Blue Ridge's Dog Days Bassin'

by Bill Vanderford, Georgia Field Editor

The tiny topwater lure flew effortlessly through the crisp morning air and splashed down quietly on the calm water along a rocky shoreline at North Georgia's Lake Blue Ridge. Only the ever-widening circles of disturbed water betrayed its presence, but the unseen bass population below the surface were aware of this invader. Just a twitch of the rod by the angler, transmitted through the almost invisible strand of monofilament disturbed the diminutive artificial bait. Despite the subtleness of the movement, it triggered an immediate response. Instantly, an over 3-pound bronze-colored bass shattered the placid surface as it exploded skyward in a shower of spray as it engulfed the lure!

A nice dark smallmouth from Lake Blue Ridge.


These scenes are common on Lake Blue Ridge during the warmer months. This 3,290 acre TVA lake is on the Toccoa River in Fannin County near the town of Blue Ridge. It has always been considered to be one of the best smallmouth bass and walleye reservoirs in Georgia and continues to maintain that reputation. In fact, smallmouth bass are by far the most common black bass in Lake Blue Ridge.

According to records supplied by Georgia DNR biologist, Kevin Dallmier, over the past ten years, catches of smallmouth bass have been about four to one over largemouth. Though most of the smallmouth average around a pound, fish in the five pound class are not uncommon. Nevertheless, this small mountain impoundment also has a healthy number of largemouth bass, and, at times, more of them are caught than smallmouth. In fact, as part of a sample study conducted during the fall of 1995, one largemouth bass specimen was taken that weighed 8 and 1/2 pounds. 

Since the bottom of Blue Ridge Reservoir has been compared to the emptiness of the ocean depths, finding fish can be much easier than at lakes with lots of underwater structures. Therefore, many successful Blue Ridge fishermen troll over or around large areas near shoals or gravel points with smaller crankbaits, or cast to these feisty, bronze-colored bass.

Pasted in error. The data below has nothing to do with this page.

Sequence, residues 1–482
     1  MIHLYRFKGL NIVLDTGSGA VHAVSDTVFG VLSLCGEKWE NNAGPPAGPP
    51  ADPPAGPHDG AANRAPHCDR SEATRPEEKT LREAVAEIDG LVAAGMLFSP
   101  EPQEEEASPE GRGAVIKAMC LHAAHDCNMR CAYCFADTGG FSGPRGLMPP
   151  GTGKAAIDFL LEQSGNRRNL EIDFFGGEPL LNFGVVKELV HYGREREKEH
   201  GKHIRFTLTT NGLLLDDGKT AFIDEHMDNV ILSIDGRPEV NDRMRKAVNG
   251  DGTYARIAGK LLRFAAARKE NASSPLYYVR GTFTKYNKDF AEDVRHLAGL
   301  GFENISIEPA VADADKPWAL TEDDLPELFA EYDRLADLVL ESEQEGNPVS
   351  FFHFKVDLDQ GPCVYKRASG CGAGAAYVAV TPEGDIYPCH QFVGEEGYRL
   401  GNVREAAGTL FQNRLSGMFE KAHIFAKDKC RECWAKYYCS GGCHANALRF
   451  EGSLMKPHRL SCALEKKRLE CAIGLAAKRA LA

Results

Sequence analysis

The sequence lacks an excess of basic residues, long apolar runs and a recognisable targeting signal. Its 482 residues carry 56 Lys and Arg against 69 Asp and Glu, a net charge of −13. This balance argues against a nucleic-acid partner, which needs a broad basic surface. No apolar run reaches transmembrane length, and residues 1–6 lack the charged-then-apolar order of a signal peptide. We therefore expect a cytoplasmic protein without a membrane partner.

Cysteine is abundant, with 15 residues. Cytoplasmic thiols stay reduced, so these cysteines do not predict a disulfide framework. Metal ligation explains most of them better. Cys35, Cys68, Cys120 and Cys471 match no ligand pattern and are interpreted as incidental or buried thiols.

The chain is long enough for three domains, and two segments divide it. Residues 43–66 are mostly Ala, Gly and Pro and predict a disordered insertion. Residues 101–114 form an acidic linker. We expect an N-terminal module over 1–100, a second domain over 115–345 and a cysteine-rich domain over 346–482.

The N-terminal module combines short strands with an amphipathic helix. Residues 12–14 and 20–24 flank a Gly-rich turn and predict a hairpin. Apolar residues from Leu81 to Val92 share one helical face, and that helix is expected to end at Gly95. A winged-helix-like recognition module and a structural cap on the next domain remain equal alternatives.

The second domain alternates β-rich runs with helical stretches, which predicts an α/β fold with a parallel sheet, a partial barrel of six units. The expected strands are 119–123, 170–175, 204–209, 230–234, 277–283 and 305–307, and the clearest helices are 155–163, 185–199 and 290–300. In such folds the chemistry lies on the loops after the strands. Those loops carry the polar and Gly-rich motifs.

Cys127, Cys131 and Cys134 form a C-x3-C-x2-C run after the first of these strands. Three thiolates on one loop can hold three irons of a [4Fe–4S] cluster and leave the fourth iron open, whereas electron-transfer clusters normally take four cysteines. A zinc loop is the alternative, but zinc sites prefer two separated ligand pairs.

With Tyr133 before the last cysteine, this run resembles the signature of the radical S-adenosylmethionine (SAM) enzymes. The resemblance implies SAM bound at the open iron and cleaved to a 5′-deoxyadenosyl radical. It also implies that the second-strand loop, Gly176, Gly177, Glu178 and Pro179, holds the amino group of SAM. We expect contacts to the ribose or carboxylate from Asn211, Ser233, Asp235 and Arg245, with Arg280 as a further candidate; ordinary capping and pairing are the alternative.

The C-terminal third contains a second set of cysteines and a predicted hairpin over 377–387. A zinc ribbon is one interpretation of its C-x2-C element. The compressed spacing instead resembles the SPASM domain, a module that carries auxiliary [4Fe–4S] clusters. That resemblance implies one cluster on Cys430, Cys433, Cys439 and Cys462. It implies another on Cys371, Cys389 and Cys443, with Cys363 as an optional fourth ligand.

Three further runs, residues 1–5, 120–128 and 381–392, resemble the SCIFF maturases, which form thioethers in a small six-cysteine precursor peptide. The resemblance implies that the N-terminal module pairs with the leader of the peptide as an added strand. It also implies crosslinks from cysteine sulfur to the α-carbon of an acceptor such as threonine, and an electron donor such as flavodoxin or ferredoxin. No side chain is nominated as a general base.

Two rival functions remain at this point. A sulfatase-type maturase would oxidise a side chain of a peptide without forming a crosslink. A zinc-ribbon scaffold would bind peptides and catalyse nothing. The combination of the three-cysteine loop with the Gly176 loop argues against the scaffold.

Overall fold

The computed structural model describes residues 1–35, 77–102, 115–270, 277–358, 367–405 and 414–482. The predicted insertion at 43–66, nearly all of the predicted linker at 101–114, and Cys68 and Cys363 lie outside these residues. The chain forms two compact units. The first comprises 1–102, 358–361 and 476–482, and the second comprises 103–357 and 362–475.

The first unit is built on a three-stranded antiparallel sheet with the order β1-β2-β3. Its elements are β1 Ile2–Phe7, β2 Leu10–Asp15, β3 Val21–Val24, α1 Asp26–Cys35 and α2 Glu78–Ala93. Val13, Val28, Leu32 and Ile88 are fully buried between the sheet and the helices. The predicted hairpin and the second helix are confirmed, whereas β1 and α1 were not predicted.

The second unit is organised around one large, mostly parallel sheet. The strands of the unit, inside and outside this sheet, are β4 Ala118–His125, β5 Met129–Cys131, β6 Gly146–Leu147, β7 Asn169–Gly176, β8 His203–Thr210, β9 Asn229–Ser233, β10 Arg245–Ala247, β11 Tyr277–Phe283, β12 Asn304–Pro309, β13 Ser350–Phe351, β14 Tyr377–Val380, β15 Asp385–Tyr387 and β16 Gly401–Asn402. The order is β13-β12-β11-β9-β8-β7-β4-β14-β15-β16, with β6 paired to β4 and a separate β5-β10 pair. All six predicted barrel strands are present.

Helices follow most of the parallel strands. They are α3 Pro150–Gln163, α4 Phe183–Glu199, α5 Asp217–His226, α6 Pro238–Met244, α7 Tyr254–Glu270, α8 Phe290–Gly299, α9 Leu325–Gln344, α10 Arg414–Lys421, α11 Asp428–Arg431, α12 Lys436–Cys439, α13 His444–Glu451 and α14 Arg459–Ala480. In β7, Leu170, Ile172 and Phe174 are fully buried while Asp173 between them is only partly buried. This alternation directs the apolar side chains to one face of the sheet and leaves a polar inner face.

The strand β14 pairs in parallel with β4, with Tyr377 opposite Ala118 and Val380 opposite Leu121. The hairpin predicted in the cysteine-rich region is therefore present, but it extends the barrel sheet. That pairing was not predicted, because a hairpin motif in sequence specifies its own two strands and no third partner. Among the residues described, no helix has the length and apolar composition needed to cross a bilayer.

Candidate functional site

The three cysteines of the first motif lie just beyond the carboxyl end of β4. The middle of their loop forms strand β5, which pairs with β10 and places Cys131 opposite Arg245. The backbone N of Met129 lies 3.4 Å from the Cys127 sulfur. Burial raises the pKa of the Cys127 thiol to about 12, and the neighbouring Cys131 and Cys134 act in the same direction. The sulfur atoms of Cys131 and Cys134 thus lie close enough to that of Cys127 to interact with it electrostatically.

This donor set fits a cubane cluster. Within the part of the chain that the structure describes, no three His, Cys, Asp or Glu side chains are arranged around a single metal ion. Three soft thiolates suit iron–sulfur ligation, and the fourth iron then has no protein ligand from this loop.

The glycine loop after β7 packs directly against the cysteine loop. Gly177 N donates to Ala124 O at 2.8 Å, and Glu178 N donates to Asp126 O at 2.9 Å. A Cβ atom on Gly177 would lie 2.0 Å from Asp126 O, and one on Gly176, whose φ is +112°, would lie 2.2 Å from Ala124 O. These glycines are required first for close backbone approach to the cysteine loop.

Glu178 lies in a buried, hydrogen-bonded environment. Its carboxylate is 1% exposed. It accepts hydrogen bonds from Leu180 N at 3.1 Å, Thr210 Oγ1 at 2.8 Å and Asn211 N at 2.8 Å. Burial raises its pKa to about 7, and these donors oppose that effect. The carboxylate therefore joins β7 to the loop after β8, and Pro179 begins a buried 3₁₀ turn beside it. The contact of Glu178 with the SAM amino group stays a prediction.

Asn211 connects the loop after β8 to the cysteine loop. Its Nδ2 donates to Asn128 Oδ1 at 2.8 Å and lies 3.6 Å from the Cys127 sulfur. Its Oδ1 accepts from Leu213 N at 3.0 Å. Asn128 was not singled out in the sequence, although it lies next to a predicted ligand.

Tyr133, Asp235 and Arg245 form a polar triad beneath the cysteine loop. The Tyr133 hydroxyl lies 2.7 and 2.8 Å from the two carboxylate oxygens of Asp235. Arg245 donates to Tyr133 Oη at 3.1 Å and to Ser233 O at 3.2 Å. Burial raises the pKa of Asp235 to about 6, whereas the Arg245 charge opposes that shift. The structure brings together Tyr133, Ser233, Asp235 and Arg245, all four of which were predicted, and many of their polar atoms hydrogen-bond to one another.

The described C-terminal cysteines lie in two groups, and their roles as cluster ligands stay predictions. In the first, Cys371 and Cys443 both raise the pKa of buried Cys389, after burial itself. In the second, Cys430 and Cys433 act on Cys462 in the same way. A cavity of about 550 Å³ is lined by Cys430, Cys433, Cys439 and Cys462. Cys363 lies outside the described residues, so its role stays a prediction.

They accomplish this with lures like the 1/4 ounce, white Blakemore Roadrunner jig or a 1/8th ounce leadhead jig with a 3-inch, chartreuse, Ranger twister-tailed grub. All of these artificials are good when fan casting large areas of open, shallow water.

Deep running crank baits, like grubs and jigs take good fish.


One of the best areas at Blue Ridge Reservoir is around the Morganton Point Beach, which is a U.S. Forest Service maintained beach and camping area. It is an extremely flat, gravelly shoal that extends far out into the lake and provides an excellent area for smallmouth bass. Also, many of the rocky points or shoals toward the upper end of the lake from Morganton Beach can be very productive, and at times quite a few smallmouth are caught along the riprap at the dam.

Knowledge and patience are the keys to catching plenty of hard-fighting bass from Lake Blue Ridge. When the temperature of the waters in most of the other lakes in the Peach State has risen to above normal readings, this mountain jewel is still cool. Also, since the bass in this reservoir spawn late, and the shad population is low, Lake Blue Ridge could offer Georgia's best hot summer bassin' action!

Dark, deep water smallmouth hit well into summer.


Lake Blue Ridge Marina near the dam has boat launching facilities, fishing supplies, boat rentals and up-to-date fishing information. Contact them at (706) 632-3044. Johnny LeSesne is available for guide service. Call him at (706) 632-6771.